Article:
Alumni are criticising a small New York Christian university for firing two employees who refused to remove gender pronouns from their email signatures.
In April, Raegan Zelaya and Shua Wilmot, residence hall directors at Houghton University, were fired from their positions, after they put “she/her” and “he/him” on their emails.
In a widely-circulated termination letter to Ms Zelaya, the school wrote that it fired her shortly before the end of the semester “as a result of your refusal to remove pronouns in your email signature” and because she criticised the decision in the student newspaper.
Mr Wilmot said he was also accused of making a “threat” towards the general superintendent of the Wesleyan Church. The university is affiliated with the conservative branch of the Methodist Church.
Mr Wilmot had written what he described as a “constructive letter” to Superintendent Wayne Schmidt about the church’s views on gender identity and expression, saying they were outdated and problematic.
A spokesperson for the university told The New York Times this week that the school “has never terminated an employment relationship based solely on the use of pronouns in staff email signatures”.
“Over the past years, we’ve required anything extraneous be removed from email signatures, including Scripture quotes,” a spokesperson said.
In a video last month explaining the incident, the ex-residence hall directors, neither of whom is transgender, said their decision to put pronouns in emails was meant both as a gesture of inclusivity, and because people often weren’t able to tell their genders from their first names over email.
“It is pretty standard industry practice ... to include your pronouns in your email signature,” Ms Zelaya said, in the video.
They explained that pronouns are often shared during conferences, interviews and other professional events.
“It’s professional courtesy I can offer, and it’s a way I can show care and dignity for others,” she added.
“Calling people by the name they like to be called, using the pronouns that they use, that’s just a way to dignify them and humanize them,” Mr Wilmot continued.
“By normalizing the visiblity of pronouns in an email signture, I can play a small role ... in empowering others to also share their pronouns in an email signature, thus it normalizes a less emotional labourious way for gender-expansive people to out themselves.”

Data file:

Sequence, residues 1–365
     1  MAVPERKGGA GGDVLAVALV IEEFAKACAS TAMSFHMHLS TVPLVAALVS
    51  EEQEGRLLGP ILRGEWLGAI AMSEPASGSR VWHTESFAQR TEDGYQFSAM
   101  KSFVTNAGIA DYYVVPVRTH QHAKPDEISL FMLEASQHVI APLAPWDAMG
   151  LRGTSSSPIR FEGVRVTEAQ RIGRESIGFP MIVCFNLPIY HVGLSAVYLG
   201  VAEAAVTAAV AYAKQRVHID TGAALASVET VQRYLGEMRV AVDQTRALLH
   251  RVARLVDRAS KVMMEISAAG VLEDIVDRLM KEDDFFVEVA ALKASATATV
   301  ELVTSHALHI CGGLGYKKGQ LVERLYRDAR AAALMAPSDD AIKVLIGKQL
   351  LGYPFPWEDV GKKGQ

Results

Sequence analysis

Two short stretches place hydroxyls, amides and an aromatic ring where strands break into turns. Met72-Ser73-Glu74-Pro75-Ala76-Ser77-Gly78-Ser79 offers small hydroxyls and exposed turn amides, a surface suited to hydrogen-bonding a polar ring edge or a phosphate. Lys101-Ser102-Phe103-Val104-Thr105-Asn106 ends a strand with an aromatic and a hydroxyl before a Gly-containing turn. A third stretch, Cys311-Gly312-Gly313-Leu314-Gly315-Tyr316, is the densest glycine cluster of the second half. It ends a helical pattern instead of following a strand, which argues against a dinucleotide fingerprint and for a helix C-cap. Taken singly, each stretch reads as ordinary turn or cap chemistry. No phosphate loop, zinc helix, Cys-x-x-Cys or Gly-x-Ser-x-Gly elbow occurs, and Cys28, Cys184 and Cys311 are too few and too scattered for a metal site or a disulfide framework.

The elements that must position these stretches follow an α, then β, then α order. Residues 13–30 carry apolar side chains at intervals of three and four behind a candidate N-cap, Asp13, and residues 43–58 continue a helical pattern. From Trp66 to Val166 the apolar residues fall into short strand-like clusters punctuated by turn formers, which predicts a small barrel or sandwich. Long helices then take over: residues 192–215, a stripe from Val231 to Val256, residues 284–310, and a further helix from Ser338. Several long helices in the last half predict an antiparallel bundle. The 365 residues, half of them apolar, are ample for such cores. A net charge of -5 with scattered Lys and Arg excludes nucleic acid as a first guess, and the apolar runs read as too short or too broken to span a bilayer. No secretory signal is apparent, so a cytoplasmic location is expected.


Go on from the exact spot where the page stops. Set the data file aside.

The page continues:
Houghton University is affiliated with the Wesleyan Church, which teaches that “gender confusion and dysphoria are ultimately the biological, psychological, social and spiritual consequences of the human race’s fallen condition” and views “adult gender nonconformity as a violation of the sanctity of human life.”
Mr Wilmot also defended his decision to speak out in a Facebook post last month.
“I would just like to express how profoundly grateful I am to have enough privilege to stand up for truth and justice at the expense of a job,” he wrote.
“If any of you are ever in a position where you believe your employer is asking you to do something unjust or unethical, please reach out to me and others for encouragement and empowerment.”
In April, an open letter with nearly 600 signatures of Houghton University alumni criticised the employees’ firings as part of a seemingly broader turn against multiculturalism at the school. The letter highlighted the recent closure of a multicultural student centre.
“Our overall concern is that these recent changes demonstrate a concerning pattern of failure on the part of the current administration to respect that faithful and active Christians reasonably hold a range of theological and ethical views, and in turn, failure to allow for genuine dialogue about these differing views. In this way, Houghton is not living up to its own ideals,” the alumni wrote.
In a response earlier this month, university president Wayne D Lewis Jr defended closing the student centre for budgetary reasons, and didn’t explicitly mention the firings.
“While we require that all Houghton employees be active Christians, our employees come from a range of Christian traditions,” his letter reads.
“We do, however, require as a condition of employment that all employees be respectful of the positions, doctrine, and beliefs of the university. However, Houghton unapologetically privileges an orthodox Christian worldview, rooted in the Wesleyan theological tradition. At the time of their appointment and again annually, every Houghton employee affirms his or her understanding of and agreement to these commitments.”
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